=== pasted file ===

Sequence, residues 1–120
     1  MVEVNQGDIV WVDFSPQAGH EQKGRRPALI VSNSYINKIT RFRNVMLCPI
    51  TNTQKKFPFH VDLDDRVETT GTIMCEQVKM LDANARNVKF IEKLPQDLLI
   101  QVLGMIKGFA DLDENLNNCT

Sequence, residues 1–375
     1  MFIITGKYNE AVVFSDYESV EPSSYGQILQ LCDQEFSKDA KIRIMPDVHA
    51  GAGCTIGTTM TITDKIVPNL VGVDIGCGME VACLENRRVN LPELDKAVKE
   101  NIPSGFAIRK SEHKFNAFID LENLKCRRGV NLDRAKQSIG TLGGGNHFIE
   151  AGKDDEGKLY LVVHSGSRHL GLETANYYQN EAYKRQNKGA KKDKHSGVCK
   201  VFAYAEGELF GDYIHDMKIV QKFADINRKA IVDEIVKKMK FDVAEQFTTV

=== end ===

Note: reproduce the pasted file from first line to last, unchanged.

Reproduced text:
Sequence, residues 1–120
     1  MVEVNQGDIV WVDFSPQAGH EQKGRRPALI VSNSYINKIT RFRNVMLCPI
    51  TNTQKKFPFH VDLDDRVETT GTIMCEQVKM LDANARNVKF IEKLPQDLLI
   101  QVLGMIKGFA DLDENLNNCT

Sequence, residues 1–375
     1  MFIITGKYNE AVVFSDYESV EPSSYGQILQ LCDQEFSKDA KIRIMPDVHA
    51  GAGCTIGTTM TITDKIVPNL VGVDIGCGME VACLENRRVN LPELDKAVKE
   101  NIPSGFAIRK SEHKFNAFID LENLKCRRGV NLDRAKQSIG TLGGGNHFIE
   151  AGKDDEGKLY LVVHSGSRHL GLETANYYQN EAYKRQNKGA KKDKHSGVCK
   201  VFAYAEGELF GDYIHDMKIV QKFADINRKA IVDEIVKKMK FDVAEQFTTV